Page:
Put Me In, Coach
Coaching calls people to be their best, to continually improve, to pull themselves forward, to be held accountable.
~Renovate or Die, Bob Farr and Kay Kotan
My wife and I started watching Ted Lasso on AppleTV. I know, we’re a little behind on the times. But, for those who are also behind, Ted Lasso is an American college football coach who gets hired to coach a soccer team in England, despite the fact that he has absolutely no soccer experience.
Early in the first episode, I was getting some serious Major League vibes from the owner, and that suspicion gets confirmed later on. However, what the owner didn’t count on was 1) how incredibly likeable Ted Lasso actually is, and 2) the fact that a great coach is about more than X’s and O’s.
Ted has an overly optimistic attitude, no matter what seems to be going on, which goes really well with his “aw shucks” personality. And when both of these combine, Ted has a way of winning over even his harshest critics and toughest to reach players. Ted demonstrates that coaching is fundamentally about bringing out the best in players. Sure, strategy and knowledge of the game are great, but if you can’t reach your players, you aren’t going to get too far in the long run.
I remember several years ago, the Chicago Cubs were in a serious rebuilding mode. They were awful. For three years in a row, they lost more than 90 games and finished last in the division. But in 2015, they made a move that had me, as a St. Louis Cardinals fan, saying, “They’re going to win the Series in the next five years.” They hired Joe Maddon as their manager.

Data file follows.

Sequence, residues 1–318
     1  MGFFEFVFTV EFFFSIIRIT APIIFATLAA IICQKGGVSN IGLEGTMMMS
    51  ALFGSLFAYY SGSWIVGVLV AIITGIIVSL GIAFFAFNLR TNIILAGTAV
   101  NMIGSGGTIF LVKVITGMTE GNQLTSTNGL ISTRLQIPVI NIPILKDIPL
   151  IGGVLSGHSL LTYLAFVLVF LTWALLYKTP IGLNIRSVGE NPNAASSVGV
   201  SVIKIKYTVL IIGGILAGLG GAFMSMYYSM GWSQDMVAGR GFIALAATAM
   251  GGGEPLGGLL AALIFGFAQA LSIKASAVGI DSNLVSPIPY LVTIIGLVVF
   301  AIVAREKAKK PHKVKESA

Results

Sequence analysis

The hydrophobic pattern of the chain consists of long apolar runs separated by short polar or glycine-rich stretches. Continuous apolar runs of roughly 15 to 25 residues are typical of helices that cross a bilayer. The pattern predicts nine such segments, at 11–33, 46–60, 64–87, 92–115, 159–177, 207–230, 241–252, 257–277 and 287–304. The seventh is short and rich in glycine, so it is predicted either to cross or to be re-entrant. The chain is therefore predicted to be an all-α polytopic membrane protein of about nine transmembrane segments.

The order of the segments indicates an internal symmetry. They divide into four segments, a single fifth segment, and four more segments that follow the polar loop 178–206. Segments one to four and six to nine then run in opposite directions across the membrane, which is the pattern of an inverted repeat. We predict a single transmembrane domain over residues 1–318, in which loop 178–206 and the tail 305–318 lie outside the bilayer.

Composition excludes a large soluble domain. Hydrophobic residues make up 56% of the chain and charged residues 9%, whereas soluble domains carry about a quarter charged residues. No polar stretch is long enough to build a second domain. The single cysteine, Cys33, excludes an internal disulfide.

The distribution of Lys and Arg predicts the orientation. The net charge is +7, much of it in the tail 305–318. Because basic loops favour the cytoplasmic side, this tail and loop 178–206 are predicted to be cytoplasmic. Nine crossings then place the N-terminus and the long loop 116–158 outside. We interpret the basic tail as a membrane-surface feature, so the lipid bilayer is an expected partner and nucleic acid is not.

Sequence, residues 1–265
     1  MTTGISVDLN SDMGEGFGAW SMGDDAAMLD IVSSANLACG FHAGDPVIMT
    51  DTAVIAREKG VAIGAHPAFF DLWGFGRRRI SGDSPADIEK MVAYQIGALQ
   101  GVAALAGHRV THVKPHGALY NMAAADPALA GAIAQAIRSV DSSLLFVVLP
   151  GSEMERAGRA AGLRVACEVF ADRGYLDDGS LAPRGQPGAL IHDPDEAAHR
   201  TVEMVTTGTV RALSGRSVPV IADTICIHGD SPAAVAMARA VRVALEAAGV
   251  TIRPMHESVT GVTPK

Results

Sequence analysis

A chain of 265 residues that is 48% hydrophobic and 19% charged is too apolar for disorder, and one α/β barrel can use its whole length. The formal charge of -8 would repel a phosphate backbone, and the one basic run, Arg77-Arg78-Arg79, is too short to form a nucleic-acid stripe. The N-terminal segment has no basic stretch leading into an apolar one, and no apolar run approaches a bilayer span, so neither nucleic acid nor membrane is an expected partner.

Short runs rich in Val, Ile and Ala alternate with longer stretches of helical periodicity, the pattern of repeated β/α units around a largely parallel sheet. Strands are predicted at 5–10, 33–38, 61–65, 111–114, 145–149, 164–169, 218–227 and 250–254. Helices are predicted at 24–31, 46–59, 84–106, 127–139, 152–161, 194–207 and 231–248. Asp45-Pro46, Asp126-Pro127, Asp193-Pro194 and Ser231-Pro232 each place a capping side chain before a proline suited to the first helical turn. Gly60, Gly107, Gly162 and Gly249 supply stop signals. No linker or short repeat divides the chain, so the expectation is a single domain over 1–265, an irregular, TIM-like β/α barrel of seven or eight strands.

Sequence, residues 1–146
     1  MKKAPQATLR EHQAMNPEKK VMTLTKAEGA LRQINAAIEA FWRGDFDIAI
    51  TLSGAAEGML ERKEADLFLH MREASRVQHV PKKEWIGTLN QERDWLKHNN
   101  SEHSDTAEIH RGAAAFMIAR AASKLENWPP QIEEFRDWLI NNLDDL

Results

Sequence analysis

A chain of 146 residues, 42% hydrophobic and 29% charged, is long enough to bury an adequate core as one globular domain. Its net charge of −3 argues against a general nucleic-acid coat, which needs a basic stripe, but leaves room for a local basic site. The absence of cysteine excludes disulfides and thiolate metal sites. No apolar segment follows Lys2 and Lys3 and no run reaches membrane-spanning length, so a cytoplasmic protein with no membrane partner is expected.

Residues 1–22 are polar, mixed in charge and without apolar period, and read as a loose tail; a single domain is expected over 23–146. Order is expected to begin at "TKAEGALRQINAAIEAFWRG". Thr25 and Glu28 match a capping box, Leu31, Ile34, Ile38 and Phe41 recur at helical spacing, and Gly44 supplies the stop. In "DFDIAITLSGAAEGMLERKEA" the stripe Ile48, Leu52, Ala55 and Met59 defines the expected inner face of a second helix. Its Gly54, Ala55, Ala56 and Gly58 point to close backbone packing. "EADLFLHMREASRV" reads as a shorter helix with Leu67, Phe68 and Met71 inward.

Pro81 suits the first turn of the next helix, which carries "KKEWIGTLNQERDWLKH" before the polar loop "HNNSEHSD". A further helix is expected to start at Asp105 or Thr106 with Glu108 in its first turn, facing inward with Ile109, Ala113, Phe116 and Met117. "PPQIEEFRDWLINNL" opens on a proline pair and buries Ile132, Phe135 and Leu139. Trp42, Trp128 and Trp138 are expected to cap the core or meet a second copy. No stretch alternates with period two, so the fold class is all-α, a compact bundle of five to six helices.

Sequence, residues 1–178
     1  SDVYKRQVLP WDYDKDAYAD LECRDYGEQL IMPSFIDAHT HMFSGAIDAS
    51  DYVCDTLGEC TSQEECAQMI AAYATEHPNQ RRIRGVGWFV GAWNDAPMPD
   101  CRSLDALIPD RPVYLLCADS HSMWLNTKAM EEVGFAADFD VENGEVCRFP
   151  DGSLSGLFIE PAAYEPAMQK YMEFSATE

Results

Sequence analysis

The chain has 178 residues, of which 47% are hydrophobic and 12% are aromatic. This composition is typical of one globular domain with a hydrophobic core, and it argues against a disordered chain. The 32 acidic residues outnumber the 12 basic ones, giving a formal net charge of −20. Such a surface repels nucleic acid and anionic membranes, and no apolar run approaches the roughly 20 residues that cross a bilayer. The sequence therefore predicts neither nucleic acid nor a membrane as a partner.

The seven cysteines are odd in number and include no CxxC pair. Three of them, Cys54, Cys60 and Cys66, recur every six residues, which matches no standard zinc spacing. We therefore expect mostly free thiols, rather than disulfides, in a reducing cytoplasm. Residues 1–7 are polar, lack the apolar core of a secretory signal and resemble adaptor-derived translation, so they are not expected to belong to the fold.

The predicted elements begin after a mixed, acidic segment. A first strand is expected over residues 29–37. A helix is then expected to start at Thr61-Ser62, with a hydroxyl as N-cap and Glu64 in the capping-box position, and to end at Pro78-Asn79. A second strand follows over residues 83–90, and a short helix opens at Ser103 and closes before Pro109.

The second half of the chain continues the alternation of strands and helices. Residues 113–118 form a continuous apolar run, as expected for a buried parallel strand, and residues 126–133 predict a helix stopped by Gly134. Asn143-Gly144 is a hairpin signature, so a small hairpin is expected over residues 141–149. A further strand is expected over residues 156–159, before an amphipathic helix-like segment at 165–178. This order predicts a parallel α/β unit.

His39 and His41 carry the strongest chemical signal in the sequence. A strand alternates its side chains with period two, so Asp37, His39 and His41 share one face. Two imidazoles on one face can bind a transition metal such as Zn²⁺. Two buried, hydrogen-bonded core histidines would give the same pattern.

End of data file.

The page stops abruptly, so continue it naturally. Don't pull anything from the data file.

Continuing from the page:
Maddon had been managing the Tampa Bay Rays with some pretty good success, especially given the fact that the Rays weren’t (and still aren’t) financially invested in the team. They consistently have a payroll in the bottom third of the league. And yet, they put together good seasons year after year.
Maddon is known to have some quirks as a manager. He has pulled some zany stuff through the years. And he has always gotten results. Why? Because a good coach can bring out the best in his players. That’s what he did. That’s why I believed he would lead the Cubs to the World Series. And that’s exactly what he did. They won it all in 2016. As a Cardinal fan, I still couldn’t root for them, but I certainly could respect the historic nature of their win.
If you are a coach, or if you are in the position to be coached, remember this. Coaching is not all about the wins and losses. It’s not all about the strategy or game management. It’s about bringing out the best in the players you have. Make that your goal, and you’ll do great work.